(CN) — Doling out benefits to some 18 million Americans, the Department of Labor announced Thursday that 12.4% of the U.S. were collecting insured unemployment as of last week.
“The Covid-19 virus continues to impact the number of initial claims and insured unemployment," the report confirms. “This marks the highest level of seasonally adjusted insured unemployment in the history of the seasonally adjusted series.”
Last week 3.8 million Americans filed initial claims for unemployment insurance benefits, the sixth week in a row where the rate exceeded 3 million claims. Week to week, this adds up to 30 million claims filed.
With 21.8% of workers out of a job, Michigan has the highest rate of insured unemployment in the country, followed by Connecticut and Pennsylvania.
Florida saw the largest increase in initial claims last week, followed by Connecticut and West Virginia. New York, New Mexico and South Dakota were among states that reported a decrease in layoffs.
Investment firm Goldman Sachs projects unemployment will reach 15% by the end of the third quarter with few opportunities for re-employment. Other economists are predicting unemployment will peak at 20%.
The Department of Labor used covered employment of 145,671,710 in its calculation, defining that term as Americans who are “unemployed through no fault of their own,” while also meeting certain work and wage requirements.
Since unemployment first started to spike at the end of March, only 60% of those who filed claims are currently receiving benefits, according to reports of continued claims.
For every 10 people who received unemployment insurance benefits, an Economic Policy Institute poll counted 6.4 people who could not get through, were rejected, or didn't apply because the process seemed too difficult. Based on its survey of 25,000 Americans, the D.C. thinktank estimates that the process shut out 7.8 million to 12.2 million people who would otherwise qualify.
The policy group also pointed to the U.S. unemployment insurance system as a place where improvements would prepare the country for future hardship. “Over time and with much investment, lots of this work could be done near-exclusively through an unemployment insurance system that is permanently enhanced and kicks on automatically at scale when a large crisis hits,” its researchers wrote Monday.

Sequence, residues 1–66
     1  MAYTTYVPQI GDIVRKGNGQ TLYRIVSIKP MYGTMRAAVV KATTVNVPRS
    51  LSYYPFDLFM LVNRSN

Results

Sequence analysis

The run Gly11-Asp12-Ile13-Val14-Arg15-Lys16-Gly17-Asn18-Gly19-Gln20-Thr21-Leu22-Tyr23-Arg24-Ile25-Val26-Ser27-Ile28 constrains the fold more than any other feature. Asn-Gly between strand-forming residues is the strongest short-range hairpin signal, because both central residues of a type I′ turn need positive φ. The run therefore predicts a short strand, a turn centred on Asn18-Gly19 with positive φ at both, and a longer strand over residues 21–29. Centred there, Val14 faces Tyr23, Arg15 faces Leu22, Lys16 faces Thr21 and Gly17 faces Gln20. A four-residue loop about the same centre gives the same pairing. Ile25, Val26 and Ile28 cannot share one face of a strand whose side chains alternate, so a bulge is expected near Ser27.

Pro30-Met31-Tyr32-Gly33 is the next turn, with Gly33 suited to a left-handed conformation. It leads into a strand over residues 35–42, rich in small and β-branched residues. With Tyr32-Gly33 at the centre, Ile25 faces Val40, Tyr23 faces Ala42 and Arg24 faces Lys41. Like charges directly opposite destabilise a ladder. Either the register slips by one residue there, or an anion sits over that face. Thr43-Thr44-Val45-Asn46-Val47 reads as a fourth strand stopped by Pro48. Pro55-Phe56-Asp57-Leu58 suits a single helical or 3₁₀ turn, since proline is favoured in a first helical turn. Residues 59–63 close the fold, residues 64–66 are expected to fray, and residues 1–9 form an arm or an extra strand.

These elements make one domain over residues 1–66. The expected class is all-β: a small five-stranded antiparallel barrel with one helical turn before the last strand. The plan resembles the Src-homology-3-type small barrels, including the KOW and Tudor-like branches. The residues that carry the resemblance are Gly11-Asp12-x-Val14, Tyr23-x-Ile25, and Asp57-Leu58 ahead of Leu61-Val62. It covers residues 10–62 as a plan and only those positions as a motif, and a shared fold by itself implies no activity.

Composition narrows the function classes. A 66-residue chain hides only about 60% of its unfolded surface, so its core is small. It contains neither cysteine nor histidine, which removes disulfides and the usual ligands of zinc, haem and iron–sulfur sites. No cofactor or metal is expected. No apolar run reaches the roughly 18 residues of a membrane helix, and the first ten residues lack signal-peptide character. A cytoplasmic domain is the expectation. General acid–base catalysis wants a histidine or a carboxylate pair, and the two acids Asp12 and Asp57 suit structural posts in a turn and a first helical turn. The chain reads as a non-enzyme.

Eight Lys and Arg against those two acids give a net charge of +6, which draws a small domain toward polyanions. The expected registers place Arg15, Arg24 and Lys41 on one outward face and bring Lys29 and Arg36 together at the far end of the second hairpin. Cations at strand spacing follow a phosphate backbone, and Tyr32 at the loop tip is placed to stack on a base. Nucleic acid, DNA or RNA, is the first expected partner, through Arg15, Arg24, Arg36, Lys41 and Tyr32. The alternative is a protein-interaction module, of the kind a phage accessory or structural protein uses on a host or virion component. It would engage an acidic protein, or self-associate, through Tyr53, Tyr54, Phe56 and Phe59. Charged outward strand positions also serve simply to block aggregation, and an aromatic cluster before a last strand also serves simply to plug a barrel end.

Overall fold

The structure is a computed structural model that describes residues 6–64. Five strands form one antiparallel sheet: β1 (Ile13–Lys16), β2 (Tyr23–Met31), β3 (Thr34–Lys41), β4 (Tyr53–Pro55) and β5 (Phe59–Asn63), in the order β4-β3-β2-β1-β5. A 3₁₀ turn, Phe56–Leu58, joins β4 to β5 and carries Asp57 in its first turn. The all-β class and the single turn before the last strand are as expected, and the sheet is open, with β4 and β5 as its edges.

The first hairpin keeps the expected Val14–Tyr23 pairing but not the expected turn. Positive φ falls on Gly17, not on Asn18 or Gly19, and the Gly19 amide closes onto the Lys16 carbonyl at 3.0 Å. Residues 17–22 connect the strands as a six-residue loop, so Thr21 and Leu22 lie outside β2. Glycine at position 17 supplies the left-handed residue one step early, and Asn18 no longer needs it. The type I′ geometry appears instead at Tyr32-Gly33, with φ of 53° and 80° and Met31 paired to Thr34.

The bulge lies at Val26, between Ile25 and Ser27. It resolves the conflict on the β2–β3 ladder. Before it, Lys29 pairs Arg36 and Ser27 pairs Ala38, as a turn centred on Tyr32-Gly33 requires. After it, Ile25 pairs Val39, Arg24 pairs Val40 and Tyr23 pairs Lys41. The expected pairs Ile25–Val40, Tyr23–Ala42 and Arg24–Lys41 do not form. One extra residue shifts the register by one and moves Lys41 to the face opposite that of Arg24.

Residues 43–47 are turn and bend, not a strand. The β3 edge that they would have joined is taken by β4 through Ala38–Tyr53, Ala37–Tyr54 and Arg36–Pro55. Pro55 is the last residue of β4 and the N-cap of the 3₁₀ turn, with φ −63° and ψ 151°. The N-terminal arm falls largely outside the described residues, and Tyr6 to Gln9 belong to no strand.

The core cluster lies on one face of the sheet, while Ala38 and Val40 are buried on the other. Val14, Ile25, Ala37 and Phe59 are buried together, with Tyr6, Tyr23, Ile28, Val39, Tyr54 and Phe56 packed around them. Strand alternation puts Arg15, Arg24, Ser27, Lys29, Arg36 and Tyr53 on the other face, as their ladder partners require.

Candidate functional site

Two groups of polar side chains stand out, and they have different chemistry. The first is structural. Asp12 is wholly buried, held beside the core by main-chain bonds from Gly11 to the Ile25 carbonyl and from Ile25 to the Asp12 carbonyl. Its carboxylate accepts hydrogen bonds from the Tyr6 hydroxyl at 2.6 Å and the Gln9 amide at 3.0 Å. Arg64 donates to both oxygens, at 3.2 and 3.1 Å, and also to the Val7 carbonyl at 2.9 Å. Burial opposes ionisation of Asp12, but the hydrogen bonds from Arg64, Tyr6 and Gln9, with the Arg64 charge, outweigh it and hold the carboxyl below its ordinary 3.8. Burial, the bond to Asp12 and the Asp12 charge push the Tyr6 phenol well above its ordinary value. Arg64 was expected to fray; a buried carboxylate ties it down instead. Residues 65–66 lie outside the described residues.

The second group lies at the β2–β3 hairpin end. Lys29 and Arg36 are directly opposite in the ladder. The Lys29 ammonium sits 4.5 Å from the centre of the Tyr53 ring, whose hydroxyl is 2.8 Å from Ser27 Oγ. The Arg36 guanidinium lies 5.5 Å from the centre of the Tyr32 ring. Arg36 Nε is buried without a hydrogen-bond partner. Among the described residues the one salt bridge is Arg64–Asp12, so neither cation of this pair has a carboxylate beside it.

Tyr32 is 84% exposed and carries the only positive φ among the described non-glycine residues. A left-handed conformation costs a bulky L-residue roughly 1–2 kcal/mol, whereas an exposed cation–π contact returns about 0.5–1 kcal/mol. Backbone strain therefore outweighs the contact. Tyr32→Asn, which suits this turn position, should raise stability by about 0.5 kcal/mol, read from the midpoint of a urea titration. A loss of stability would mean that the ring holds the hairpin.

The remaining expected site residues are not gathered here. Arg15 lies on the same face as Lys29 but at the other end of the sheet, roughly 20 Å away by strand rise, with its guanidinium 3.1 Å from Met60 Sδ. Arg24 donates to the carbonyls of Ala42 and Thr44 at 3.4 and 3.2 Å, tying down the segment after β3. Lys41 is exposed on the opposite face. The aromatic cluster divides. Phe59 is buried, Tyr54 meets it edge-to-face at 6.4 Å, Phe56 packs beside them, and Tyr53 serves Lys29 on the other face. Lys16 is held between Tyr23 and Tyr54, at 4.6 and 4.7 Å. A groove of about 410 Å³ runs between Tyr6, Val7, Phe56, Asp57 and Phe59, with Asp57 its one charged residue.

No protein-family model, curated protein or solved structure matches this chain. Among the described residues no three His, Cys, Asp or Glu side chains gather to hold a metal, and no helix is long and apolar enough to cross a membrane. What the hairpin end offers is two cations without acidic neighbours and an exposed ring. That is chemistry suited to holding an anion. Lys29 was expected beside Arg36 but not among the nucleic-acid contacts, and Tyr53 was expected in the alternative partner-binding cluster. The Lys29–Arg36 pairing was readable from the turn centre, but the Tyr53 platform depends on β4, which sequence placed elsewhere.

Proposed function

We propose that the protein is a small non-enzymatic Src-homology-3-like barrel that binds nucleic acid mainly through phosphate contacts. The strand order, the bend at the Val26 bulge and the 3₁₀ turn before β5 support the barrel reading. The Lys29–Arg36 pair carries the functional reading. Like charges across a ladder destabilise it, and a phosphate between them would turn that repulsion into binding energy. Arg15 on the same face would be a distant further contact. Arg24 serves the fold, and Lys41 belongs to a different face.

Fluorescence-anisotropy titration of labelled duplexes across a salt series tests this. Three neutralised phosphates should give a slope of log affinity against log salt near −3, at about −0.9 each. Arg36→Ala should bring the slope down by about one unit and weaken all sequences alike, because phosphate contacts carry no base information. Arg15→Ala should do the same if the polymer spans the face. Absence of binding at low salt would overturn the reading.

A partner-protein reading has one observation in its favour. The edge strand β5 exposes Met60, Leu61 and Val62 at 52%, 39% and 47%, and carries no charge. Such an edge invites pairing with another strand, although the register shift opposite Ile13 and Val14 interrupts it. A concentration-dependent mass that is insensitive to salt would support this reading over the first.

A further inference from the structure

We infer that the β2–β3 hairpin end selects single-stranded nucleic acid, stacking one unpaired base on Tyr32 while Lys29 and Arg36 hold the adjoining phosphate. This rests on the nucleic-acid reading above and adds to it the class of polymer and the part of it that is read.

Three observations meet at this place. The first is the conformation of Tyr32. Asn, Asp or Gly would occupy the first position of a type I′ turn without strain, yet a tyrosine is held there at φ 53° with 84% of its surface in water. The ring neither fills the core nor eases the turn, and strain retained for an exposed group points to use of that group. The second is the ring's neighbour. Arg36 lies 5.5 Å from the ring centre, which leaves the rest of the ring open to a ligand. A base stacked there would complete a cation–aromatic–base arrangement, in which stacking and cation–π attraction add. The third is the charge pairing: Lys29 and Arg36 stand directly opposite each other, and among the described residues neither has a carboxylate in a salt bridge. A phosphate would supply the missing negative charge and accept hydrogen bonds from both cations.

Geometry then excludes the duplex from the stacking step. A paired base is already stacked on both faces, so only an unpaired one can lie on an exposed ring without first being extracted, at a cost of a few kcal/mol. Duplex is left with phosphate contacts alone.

Other economists counter that if the economic impacts of Covid-19 are ephemeral, then the short-term solutions provided in the CARES Act, short for Coronavirus Aid Relief and Economic Security, are appropriate.
“Unemployment insurance is an effective income support tool when hard times are transitory, as we believe and hope would be the case for Covid-19,” said Domenico Ferraro, an assistant professor of economics at Arizona State University's W.P. Carey School of Business.
The challenge now is in finding the right balance between the risks of workers getting sick and losing income.
“A plan for gradually reopening needs to be designed,” Ferraro said. “In my view, this plan would need to open first states in which contagion has been more limited.”
If outbreaks in the disease continue to spike, however, “we need to learn how to live with it,” Ferraro added.
Public health officials reiterate the importance of managing the spread of the virus and scaling up testing.
“When we really have sufficiently widespread testing and we actually bring that testing to a random sample of the population, then we can know how many cases we actually have,” said Dr. Jon Samet, a pulmonary physician and epidemiologist who is dean of the Colorado School of Public Health at the University of Colorado Anschutz Medical Campus.
The university’s model projects physical-distancing needs in relation to Colorado’s hospital capacity. An April 20 report projects the state will hit peak infection of 19,800 cases in October if residents can limit social interactions by 65%. With social interactions only limited by 35%, coronavirus cases in Colorado could hit 151,000 by July.